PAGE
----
I shook off the notion, and took from my pocket the ink, quill, and paper I had abstracted from the library earlier. I had no idea whether or how I might get a note out of the palace—but I did have a little money, still, and if the opportunity offered . . .

I wrote quickly to Fergus and Marsali, telling them briefly what had happened, urging Fergus to make inquiries for Jamie in Brunswick and Wilmington.

I thought myself that if Jamie was alive, that he was most likely in the Wilmington gaol. Brunswick was a tiny settlement, dominated by the looming presence of the log-built Fort Johnston, but the fort was a militia garrison; there would be no good reason to take Jamie there—though if they had . . . the fort was under the command of a Captain Collet, a Swiss emigrant who knew him. At least he would be safe there.

Who else did he know? He had a good many acquaintances on the coast, from the days of the Regulation. John Ashe, for one; they had marched side by side to Alamance, and Ashe’s company had camped next to ours every night; we had entertained him at our campfire many times. And Ashe was from Wilmington.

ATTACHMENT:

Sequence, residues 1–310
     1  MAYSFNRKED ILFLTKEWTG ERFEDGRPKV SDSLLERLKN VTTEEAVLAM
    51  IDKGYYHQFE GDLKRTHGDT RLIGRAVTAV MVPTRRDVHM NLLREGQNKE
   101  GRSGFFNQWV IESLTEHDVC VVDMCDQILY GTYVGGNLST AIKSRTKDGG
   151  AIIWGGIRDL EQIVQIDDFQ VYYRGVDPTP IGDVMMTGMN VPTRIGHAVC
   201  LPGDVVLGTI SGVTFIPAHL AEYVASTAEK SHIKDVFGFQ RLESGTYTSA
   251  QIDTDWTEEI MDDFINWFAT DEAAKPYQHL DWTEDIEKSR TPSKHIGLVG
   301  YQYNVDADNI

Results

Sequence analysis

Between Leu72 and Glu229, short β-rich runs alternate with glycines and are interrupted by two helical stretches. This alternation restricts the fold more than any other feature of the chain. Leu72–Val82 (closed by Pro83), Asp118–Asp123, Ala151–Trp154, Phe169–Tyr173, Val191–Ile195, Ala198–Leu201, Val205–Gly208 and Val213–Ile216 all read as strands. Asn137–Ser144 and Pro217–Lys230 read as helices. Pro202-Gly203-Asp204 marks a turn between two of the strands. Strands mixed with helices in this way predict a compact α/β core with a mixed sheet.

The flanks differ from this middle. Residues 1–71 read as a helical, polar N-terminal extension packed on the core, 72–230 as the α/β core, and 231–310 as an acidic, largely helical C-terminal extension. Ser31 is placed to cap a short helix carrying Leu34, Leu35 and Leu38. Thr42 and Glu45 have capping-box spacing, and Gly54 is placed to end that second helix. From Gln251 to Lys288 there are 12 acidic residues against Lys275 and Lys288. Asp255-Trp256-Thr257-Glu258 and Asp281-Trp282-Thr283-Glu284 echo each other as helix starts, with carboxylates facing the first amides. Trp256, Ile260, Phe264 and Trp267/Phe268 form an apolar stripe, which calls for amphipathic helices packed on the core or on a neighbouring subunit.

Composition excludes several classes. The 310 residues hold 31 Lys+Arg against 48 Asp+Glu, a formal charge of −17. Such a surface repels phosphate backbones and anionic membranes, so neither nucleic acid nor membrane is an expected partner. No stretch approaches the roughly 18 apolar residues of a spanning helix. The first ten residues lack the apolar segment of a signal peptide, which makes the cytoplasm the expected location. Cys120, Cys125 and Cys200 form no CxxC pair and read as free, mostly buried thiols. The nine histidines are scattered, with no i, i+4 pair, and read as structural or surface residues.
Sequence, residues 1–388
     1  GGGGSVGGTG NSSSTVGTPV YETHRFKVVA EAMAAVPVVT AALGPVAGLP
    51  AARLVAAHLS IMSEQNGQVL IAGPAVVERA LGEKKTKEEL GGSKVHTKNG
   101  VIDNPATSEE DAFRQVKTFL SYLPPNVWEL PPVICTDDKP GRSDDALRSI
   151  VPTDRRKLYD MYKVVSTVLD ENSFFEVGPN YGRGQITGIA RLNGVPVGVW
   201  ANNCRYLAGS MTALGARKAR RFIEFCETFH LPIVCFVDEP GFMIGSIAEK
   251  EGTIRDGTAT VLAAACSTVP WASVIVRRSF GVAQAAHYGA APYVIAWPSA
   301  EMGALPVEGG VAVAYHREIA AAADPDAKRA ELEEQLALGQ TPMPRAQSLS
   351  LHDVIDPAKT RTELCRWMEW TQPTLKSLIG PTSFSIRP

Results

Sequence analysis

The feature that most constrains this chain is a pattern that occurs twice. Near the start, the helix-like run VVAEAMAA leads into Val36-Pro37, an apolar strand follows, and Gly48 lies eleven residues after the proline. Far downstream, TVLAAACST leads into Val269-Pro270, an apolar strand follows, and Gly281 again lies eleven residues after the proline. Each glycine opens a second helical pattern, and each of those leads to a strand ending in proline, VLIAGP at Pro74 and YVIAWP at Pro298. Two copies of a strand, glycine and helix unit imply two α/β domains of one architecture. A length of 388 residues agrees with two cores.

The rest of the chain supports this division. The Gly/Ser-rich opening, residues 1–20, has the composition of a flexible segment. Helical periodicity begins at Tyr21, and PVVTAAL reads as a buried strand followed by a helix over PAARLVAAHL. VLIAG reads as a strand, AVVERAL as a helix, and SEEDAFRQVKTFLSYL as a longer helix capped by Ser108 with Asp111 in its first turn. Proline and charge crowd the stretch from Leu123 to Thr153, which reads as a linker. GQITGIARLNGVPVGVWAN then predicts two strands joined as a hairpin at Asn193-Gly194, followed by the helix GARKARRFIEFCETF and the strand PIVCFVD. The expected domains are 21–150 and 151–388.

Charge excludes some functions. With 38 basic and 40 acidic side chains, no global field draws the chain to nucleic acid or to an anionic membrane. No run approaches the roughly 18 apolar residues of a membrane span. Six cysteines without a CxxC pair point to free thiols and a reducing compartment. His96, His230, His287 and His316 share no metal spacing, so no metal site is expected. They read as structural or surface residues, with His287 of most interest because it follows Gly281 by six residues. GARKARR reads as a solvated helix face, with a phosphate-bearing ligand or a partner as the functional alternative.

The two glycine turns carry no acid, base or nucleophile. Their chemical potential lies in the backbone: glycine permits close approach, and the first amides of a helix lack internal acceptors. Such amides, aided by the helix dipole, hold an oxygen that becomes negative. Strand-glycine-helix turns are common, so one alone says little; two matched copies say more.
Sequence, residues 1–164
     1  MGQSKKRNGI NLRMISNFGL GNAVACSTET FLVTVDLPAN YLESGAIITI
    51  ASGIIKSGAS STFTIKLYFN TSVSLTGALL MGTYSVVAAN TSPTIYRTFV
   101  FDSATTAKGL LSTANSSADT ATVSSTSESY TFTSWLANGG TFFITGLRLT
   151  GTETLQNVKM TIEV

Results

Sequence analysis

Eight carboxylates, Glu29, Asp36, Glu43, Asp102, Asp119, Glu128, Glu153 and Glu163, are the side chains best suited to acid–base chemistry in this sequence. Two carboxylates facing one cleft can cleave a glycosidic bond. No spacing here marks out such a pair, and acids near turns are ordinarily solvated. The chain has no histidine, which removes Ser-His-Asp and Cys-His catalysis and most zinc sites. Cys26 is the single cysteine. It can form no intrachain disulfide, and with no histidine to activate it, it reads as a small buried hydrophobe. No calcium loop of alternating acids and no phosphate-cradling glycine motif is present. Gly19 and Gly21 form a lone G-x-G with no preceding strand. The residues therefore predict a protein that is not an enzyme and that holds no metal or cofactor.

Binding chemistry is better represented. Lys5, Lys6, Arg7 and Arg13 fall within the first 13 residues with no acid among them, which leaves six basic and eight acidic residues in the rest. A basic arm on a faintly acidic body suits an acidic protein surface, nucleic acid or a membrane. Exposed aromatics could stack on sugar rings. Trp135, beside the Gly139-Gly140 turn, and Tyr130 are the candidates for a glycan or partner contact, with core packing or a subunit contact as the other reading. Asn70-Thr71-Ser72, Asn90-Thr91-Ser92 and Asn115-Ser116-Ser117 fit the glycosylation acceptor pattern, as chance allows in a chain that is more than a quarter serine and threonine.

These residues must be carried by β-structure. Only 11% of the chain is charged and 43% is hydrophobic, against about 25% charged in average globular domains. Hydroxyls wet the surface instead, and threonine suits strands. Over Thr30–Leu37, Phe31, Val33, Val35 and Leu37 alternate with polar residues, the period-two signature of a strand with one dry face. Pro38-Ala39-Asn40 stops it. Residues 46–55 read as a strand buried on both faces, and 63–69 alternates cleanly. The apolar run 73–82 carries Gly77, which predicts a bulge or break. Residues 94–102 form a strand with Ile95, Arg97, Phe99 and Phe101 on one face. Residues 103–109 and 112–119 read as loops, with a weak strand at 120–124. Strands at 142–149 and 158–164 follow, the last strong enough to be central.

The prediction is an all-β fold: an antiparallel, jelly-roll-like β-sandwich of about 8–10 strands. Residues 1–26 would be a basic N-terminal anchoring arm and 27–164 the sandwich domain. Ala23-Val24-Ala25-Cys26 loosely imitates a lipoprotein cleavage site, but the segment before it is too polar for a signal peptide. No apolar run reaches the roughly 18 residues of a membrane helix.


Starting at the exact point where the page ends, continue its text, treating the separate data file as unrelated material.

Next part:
I had just finished a brief plea to John Ashe, when I heard footsteps coming down the hallway toward my room. I folded it hastily, not worrying about smearing, and thrust it with the other note into my pocket. There was no time to do anything with the contraband ink and paper, save push it under the bed.

It was Webb, of course, my customary jailer. Evidently, I was now considered the general dogsbody of the establishment; I was escorted to Mrs. Martin’s room and desired to pack her things.